Audio Video Receivers
If you want cinema quality right in your home then obviously you are aiming for a home theatre system. Home theatre systems replicate that in-your-face theatre excitement without the nauseating smell of fake butter, or the likely chance of sitting behind the world's longest torso--which creates a central barrier between your face and the screen. Home theatre systems are comprised of many different components, and the AV receiver is one of them.
Questions to Ask Oneself
- What video connections do I need? It is best to get a receiver with HDMI connectivity, even if your cable/satellite receiver does not use it. HDMI compatible receivers reduce the number of connections you will need, and are a must have for high definition--HD will not work without HDMI connectivity.
- What HDMI functionality do I need? The best AV receiver has 1.3a Deep colour support and true HD and DTS-HD audio decoding . These types of receivers, however, start at about £550--which is pretty darned pricey. If your display is limited to 1080i (a vertical resolution of 1080), then you may be able to put some notes back into your pocket--a DTS or Dolby Digital will be fine in this circumstance. Despite which receiver you choose, make sure it has multi-channel audio support (via HDMI)--so if you want to upgrade any of your home theatre components, your receiver will still be compatible.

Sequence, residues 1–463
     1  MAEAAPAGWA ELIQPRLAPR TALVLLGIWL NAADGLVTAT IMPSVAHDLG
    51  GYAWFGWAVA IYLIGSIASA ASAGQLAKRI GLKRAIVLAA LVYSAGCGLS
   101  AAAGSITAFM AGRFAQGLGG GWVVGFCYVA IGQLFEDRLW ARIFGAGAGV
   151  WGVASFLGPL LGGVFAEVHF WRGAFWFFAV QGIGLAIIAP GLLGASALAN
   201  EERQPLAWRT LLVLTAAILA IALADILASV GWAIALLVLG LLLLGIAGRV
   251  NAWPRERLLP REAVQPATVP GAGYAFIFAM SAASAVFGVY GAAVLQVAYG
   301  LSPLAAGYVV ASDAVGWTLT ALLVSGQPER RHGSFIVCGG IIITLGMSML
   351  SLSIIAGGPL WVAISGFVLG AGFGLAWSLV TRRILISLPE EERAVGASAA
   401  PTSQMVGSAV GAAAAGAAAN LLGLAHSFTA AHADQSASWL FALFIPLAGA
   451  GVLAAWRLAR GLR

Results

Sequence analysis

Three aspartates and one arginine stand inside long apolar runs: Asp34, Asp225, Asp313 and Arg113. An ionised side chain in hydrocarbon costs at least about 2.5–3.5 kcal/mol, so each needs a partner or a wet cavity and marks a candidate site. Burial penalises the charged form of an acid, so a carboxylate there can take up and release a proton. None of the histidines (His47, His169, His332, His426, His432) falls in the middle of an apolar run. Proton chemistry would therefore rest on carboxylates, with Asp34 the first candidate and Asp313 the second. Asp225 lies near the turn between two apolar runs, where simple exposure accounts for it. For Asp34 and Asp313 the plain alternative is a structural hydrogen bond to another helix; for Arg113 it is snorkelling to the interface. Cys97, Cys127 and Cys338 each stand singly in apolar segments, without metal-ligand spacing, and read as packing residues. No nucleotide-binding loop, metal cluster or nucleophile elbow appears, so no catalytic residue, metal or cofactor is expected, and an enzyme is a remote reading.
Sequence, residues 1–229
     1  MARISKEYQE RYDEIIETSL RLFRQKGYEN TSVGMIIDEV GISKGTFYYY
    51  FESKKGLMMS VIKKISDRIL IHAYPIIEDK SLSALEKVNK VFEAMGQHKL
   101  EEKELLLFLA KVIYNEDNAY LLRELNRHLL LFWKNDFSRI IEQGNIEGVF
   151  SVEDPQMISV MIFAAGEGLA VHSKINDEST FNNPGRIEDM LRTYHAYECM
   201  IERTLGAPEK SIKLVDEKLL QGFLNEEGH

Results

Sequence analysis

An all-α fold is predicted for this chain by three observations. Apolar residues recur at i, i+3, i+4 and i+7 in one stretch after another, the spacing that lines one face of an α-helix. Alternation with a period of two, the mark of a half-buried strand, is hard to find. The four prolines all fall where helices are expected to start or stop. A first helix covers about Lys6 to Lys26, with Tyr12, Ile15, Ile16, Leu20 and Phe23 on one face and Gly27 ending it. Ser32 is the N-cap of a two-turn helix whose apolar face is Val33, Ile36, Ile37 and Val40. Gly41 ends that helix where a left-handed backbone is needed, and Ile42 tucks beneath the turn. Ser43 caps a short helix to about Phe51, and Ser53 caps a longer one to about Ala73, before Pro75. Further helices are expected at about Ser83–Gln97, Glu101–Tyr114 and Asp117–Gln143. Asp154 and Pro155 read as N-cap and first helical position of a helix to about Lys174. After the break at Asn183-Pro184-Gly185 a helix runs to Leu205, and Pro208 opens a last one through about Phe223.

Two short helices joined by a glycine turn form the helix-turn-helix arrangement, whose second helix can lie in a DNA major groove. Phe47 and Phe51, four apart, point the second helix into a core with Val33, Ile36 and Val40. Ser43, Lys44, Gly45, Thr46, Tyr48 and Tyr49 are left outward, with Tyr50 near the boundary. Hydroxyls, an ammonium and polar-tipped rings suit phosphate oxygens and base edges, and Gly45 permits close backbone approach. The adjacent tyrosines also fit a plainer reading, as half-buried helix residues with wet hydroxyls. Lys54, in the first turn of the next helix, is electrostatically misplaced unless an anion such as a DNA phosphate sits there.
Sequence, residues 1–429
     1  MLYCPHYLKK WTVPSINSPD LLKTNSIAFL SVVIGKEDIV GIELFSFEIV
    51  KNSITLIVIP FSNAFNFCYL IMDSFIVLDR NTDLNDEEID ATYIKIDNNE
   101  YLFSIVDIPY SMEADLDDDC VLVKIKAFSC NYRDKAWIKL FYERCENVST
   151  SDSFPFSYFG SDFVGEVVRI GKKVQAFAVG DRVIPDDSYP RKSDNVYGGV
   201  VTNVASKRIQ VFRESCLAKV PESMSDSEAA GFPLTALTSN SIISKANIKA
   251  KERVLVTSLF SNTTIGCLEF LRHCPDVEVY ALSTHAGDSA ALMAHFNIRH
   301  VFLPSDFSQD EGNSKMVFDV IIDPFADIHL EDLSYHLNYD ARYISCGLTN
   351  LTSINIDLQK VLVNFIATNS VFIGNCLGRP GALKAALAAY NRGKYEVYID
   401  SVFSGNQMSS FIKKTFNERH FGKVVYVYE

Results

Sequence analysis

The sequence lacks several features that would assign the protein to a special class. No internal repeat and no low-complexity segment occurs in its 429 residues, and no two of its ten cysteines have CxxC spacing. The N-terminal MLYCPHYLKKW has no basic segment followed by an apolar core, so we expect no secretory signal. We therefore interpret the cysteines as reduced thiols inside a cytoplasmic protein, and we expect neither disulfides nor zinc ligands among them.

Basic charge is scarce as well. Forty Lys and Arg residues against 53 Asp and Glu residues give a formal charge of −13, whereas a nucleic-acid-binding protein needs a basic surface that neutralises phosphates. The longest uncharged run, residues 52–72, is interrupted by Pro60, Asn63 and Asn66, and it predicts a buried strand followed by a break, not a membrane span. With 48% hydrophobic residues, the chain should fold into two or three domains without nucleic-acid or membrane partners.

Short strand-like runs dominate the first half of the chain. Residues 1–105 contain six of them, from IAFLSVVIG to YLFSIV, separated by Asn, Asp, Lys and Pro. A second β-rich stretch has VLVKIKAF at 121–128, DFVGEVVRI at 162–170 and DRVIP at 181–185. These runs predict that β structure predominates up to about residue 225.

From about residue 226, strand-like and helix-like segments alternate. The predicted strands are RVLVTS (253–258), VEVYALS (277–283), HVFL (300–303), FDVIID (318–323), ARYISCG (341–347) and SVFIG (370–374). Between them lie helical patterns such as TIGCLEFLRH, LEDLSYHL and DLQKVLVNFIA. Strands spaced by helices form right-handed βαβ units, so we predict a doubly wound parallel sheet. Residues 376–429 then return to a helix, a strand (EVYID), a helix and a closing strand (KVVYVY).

- Do I need external inputs and preamp outputs? Receivers are usually composed of a tuner /pre-amplifier /amplifier /processor and it will often have multi-channel inputs--which make external inputs unnecessary. Preamp outputs are necessary, and although they are usually included, make sure to check the box just in case.
- Do I need multi-zone functionality? If you plan on routing speakers throughout the house for multi zone audio, you need to make sure the receiver you select has such capabilities.
- What are advanced base management features? A standard 80Hz crossover setting and one sub woofer output will satisfy most users, but for those of you that are really looking to advance your system, you will want a variety of crossover settings and independent sub woofer outputs.
- Sound Level Performance: Sound level performance is the volume measured in decibels. For a receiver to be twice as loud as another, it must have ten times as many decibels, usually referred to as Watts Per Channel or WPC (e.g. a receiver with 100WPC will be twice as loud as one with 10WPC).
- Total Harmonic Distortion (THD): A Receiver that has excessive noise or distortion at loud volume levels can be unlistenable. You are better off with a receiver of about 50 WPC with a low distortion level than a more powerful amplifier with high distortion levels.
- Signal-To-Noise-Ratio (S/N): The larger the ratio, the more the desirable sounds (music, voice, effects) are separated from acoustical effects and background noise.
- Continuous Power (RMS): Your receiver may be advertised with a 100WPC, but unless it is advertised in RMS terms, that doesn't mean it can sustain this volume for any significant length of time. Make sure the WPC output is measured in RMS terms so that the maximum WPC is something you can actually listen to.
- Dynamic Headroom: Dynamic headroom is the ability to double power output for a brief period of time. This is especially important when we watch films that have extreme changes in volume (for special effects and musical scores). A dynamic headroom of 3db can support these needs.